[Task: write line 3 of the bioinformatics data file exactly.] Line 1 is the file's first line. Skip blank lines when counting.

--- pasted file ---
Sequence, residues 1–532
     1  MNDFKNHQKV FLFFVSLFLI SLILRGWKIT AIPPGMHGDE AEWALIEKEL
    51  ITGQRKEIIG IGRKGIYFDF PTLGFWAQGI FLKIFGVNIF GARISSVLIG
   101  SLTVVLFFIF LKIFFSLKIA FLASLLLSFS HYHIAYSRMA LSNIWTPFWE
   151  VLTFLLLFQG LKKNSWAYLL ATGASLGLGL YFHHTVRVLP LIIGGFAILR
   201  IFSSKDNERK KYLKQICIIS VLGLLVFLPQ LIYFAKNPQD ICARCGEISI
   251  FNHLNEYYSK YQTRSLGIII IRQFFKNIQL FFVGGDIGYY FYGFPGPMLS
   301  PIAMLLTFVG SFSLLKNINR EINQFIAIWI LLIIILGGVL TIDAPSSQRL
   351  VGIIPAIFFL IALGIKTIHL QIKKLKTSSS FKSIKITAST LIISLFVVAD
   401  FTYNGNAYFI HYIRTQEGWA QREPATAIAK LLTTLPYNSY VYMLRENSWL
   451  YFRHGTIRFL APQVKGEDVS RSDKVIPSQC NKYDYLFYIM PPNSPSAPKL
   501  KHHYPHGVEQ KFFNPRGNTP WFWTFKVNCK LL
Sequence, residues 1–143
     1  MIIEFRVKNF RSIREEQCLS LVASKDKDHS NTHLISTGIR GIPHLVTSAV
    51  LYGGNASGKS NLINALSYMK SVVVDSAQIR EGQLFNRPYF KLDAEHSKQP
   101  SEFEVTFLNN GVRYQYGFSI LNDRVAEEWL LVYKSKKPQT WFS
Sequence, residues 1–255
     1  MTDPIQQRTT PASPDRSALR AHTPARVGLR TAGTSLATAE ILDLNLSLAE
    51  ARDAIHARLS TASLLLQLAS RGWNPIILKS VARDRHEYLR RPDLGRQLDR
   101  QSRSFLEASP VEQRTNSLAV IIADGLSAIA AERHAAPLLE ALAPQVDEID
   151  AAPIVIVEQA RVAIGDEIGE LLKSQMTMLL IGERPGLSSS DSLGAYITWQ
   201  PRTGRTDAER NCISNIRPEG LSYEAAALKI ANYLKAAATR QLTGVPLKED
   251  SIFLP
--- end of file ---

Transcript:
    51  ITGQRKEIIG IGRKGIYFDF PTLGFWAQGI FLKIFGVNIF GARISSVLIG